I was looking forward to making "my" vegan chocolate mousse for my friend's birthday dinner. I had discovered the recipe last winter when my niece was to be with us for Thanksgiving, and it had unanimously been declared to be better than the more traditional version. No animals were harmed in the process, and the richness and unctuosity of the coconut milk blended with the rich, dark cocoa had me close my eyes with every bite.
The recipe is easy and just quirky enough as it requires some fun manipulation of the can of coconut milk (yes, I will give you the recipe if you ask), but it does ask for a wee bit of planning. Specifically, that one place the coconut milk in the freezer the night before.
Or so I remembered.
From that moment on, it is all easy-peasy, and you can go from no-mousse to lovely cups of billowy mousse in a few minutes.
Except for the fact that the overnight stay has to be in the fridge, not in the freezer. Which turns out to be a massive difference. Who knew?
With two hours until our guests were to arrive, I wrestled that can of perfectly frozen coconut milk in more ways than I care to recount. I cajoled, I pried, I immersed, I begged, I scooped. I swore in French, and I laughed.
In return, it slipped, it sputtered, chunks of milky stuff alternately making a straight line for the floor and a fast burst to the ceiling.
Finally, I gave up.
With one hour till show time.
Cleaning up the scene of the madness (I always think/intuit better in a neutral environment), I went through my mental Rolodex of awesome-and-quick desserts. Nothing came up.
Finally, I just "asked" - the way I have learned to ask when I know that my own little mind is not going to be my best ally. I simply asked: "Ok. What should I make now?"
And as is usually the case when we ask with a calm and trusting mind, the answer was quasi-immediate. Albeit a tad surprising.
"Malhebi" was the answer.
As a start, the last time I had Malhebi was at least four decades ago. Then, there was the fact that I have never made it. All good reasons to second guess the situation.
Except that I could not. Because now, I was overtaken by the memory of the restaurant of my childhood, the special place where I spent many, many Sunday afternoons. "Les Diamantaires" was a Greek restaurant that belonged to friends of my grandpa and where I could never get enough of the food, the language, the energy, and Yaya - who seemed to be everyone's grandma. Very very young, I would delight in the food of my ancestors as my mom used to say: "ça, c'est l'atavisme," giving some sense to my cells who deeply recognized the nourishment they needed to thrive. Generational stuff. We can't mess with that.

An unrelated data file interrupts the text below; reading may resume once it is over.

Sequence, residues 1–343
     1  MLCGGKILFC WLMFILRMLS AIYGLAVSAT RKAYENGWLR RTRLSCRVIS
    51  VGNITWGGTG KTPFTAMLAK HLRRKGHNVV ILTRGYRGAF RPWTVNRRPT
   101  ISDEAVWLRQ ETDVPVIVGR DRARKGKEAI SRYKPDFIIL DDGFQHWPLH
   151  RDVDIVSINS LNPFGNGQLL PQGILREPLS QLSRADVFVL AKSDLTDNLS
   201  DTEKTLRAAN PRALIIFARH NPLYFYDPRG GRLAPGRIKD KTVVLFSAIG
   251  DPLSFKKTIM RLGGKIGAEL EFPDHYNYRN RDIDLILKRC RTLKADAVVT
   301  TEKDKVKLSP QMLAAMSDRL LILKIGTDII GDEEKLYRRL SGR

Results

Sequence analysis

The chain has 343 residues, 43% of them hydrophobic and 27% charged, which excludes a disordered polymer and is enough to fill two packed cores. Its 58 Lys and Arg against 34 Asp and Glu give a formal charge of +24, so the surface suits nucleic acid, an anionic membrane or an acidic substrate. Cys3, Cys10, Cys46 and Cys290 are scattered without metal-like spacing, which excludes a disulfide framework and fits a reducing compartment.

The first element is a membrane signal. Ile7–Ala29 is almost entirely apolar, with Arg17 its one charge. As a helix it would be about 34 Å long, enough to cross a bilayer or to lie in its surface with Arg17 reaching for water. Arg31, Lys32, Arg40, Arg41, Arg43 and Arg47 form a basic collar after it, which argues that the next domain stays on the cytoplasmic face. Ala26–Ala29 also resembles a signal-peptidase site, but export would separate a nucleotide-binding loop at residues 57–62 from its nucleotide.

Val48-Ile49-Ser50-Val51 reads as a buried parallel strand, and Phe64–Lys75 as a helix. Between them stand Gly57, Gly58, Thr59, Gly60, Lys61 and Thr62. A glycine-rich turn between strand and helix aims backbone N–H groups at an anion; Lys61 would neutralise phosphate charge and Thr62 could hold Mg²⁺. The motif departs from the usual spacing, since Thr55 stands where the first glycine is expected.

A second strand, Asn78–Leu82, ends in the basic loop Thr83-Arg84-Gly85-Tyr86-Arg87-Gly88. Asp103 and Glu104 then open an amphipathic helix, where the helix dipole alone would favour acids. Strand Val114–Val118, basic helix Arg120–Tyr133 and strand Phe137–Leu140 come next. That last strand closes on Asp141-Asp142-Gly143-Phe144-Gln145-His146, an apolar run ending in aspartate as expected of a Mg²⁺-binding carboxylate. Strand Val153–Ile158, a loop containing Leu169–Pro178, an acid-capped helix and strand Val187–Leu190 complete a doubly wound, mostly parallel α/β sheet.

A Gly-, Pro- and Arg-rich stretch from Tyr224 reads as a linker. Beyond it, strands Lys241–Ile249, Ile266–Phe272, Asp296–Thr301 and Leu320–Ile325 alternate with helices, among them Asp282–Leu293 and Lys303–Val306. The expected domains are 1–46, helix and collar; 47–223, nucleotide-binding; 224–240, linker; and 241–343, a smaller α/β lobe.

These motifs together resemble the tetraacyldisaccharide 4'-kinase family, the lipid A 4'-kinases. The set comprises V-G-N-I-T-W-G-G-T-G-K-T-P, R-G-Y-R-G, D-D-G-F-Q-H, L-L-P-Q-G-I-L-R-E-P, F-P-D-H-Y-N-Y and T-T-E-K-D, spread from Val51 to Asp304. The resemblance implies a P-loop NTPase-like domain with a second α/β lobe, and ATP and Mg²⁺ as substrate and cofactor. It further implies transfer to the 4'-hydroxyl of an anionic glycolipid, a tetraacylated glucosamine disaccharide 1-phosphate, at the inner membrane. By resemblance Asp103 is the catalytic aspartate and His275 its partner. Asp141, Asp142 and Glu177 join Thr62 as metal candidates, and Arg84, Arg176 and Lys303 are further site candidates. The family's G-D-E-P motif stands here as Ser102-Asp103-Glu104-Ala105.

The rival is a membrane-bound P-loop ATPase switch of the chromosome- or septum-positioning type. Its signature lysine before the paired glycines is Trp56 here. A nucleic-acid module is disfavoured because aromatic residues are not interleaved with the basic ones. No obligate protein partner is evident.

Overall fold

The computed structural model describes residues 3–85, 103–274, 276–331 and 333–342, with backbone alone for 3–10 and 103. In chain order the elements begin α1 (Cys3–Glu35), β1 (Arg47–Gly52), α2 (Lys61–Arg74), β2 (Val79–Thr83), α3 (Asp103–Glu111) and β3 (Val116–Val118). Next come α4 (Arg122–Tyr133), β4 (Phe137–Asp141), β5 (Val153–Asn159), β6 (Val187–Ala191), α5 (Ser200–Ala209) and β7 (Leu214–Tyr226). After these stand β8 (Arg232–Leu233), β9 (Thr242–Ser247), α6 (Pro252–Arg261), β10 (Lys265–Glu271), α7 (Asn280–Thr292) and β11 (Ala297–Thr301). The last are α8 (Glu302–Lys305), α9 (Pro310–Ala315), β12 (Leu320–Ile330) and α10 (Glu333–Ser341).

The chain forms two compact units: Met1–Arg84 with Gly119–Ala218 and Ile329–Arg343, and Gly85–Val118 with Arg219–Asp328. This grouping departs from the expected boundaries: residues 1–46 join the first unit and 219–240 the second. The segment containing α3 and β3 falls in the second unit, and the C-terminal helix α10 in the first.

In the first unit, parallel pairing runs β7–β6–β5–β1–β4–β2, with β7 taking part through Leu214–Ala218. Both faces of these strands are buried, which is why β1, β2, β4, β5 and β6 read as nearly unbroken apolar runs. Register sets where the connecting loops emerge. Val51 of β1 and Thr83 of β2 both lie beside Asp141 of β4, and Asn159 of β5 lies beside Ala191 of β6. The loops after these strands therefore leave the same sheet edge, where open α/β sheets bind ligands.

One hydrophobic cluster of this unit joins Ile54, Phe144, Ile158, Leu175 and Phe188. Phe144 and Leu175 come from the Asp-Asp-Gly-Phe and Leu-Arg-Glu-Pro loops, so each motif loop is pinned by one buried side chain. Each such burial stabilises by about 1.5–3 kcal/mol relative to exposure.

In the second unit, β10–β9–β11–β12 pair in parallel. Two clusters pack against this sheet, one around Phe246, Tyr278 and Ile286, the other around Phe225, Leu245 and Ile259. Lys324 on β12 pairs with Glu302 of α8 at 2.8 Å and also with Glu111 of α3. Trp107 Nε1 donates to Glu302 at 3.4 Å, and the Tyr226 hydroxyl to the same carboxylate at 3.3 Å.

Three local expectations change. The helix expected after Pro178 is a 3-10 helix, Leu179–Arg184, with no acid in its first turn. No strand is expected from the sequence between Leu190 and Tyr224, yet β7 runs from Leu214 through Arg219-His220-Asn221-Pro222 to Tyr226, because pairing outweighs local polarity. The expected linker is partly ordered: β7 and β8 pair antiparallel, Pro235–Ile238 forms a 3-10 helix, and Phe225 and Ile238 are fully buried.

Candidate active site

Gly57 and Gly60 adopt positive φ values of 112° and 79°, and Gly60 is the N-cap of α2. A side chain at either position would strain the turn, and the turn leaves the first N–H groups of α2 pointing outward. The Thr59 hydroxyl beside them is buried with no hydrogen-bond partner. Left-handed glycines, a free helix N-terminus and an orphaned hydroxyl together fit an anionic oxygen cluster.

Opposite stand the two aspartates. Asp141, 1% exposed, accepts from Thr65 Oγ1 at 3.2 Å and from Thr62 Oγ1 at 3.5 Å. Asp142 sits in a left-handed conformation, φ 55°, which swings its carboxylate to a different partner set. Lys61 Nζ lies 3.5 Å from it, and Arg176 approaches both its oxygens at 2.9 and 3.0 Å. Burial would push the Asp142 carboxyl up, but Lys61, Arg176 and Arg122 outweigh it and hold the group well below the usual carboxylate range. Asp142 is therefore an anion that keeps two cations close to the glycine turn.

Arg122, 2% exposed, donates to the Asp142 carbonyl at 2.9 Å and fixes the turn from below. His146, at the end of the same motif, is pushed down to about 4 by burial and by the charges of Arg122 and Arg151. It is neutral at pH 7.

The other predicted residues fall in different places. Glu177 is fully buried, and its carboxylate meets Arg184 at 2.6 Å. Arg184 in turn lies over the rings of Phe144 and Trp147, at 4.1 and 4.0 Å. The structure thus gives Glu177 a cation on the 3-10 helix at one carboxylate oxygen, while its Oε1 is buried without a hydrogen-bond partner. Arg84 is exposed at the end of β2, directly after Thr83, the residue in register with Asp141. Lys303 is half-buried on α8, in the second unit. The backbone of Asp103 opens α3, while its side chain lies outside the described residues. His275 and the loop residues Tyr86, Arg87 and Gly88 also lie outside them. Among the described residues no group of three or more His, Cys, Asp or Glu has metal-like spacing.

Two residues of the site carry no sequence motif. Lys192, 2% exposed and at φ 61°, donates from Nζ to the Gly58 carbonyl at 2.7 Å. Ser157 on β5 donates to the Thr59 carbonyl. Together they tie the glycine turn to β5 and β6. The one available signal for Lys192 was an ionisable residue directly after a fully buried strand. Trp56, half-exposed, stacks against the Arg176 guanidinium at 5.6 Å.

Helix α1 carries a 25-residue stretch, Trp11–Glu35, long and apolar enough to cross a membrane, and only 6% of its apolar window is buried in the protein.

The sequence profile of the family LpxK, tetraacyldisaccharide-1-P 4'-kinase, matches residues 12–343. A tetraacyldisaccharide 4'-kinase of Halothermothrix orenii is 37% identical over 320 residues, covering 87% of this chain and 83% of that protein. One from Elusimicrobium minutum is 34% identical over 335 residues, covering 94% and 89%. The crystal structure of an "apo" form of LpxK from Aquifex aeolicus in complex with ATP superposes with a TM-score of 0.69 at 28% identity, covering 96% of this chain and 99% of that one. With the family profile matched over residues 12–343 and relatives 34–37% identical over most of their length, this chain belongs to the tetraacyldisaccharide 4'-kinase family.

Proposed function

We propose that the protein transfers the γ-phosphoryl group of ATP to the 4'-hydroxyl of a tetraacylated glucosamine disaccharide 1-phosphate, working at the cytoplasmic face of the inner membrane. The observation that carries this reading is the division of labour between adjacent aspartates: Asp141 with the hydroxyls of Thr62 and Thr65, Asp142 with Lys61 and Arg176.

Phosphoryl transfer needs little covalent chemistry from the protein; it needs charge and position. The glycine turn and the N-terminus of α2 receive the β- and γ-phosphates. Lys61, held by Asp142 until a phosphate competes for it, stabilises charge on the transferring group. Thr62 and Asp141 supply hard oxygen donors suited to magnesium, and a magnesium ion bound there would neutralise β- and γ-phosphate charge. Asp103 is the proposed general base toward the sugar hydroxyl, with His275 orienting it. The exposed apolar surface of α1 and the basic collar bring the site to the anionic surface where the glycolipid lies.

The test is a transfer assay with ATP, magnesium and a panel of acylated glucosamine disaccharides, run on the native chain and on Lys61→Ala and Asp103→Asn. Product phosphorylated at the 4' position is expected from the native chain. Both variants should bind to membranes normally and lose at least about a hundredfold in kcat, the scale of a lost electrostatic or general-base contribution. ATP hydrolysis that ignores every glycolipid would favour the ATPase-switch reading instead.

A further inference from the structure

And yes, for dessert, pretty much always a small jar of bright white, cold and exotically perfumed Malhebi. Which I had never made nor had any idea how to go about serving to my friends.
But when we are guided, the doors open.
Google came to the rescue, as did a willing trip to the grocery store from the man who likes to create in the kitchen with me, and off we went!
Two hours later, after a delicious Mexican feast, I walked out of the kitchen and onto the deck carrying a tray full of little cups of rosewater-enhanced white creamy delightfulness. A colorful paper umbrella in each one, I served my friends an intimate taste of my childhood.
And you know what? It was perfect. Not even a hint of the disappointment that can creep in when we try to recreate a long ago memory. Nope. PERFECT.
And even for me who adores all things chocolate, hands down a winner over chocolate mousse.
So today, I invite you to trust that when something is fighting us at all turns and very loudly saying "no!" - we can take a deep breath, start calmly cleaning up the mess even when we don't know what's coming next. And then, we can ask. Chances are we will end up with something we could never have guessed we were capable of creating. Something amazing.
Because while we know what we know, and we also know what we don't know, we sure don't know what we don't know. And that's often where the magic lives.
Finally, because the best things in life are often better shared, I invite you to join me in adding some exotic, easy delight to your life - and maybe your friends' lives - by preparing some lovely Malhebi.
4 cups milk (or cream, or coconut milk, or a combo)
1 cup sugar
5 tablespoons cornstarch, diluted in 1/4 cup water
2 tablespoons rosewater
4 ounces chopped nuts
Bon appetit! (and let me know how much you like it, ok?)
SCARED OF THE SACRED